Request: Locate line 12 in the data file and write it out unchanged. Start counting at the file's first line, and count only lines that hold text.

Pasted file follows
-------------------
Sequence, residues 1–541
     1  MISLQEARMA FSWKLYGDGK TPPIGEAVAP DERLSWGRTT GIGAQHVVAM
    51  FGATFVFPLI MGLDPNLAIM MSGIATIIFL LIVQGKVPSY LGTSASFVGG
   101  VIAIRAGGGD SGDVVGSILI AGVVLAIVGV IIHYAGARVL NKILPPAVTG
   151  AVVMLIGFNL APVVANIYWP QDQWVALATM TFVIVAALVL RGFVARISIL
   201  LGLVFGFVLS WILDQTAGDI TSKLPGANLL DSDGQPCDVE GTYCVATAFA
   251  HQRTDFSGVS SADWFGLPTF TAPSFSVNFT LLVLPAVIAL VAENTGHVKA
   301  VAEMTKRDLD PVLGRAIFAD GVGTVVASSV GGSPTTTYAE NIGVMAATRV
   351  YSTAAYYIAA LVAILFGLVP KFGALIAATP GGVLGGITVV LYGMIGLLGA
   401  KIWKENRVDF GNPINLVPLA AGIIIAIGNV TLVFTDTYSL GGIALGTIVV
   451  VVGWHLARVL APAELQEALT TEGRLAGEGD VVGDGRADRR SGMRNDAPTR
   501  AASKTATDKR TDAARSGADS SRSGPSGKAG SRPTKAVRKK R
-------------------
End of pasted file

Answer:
   501  AASKTATDKR TDAARSGADS SRSGPSGKAG SRPTKAVRKK R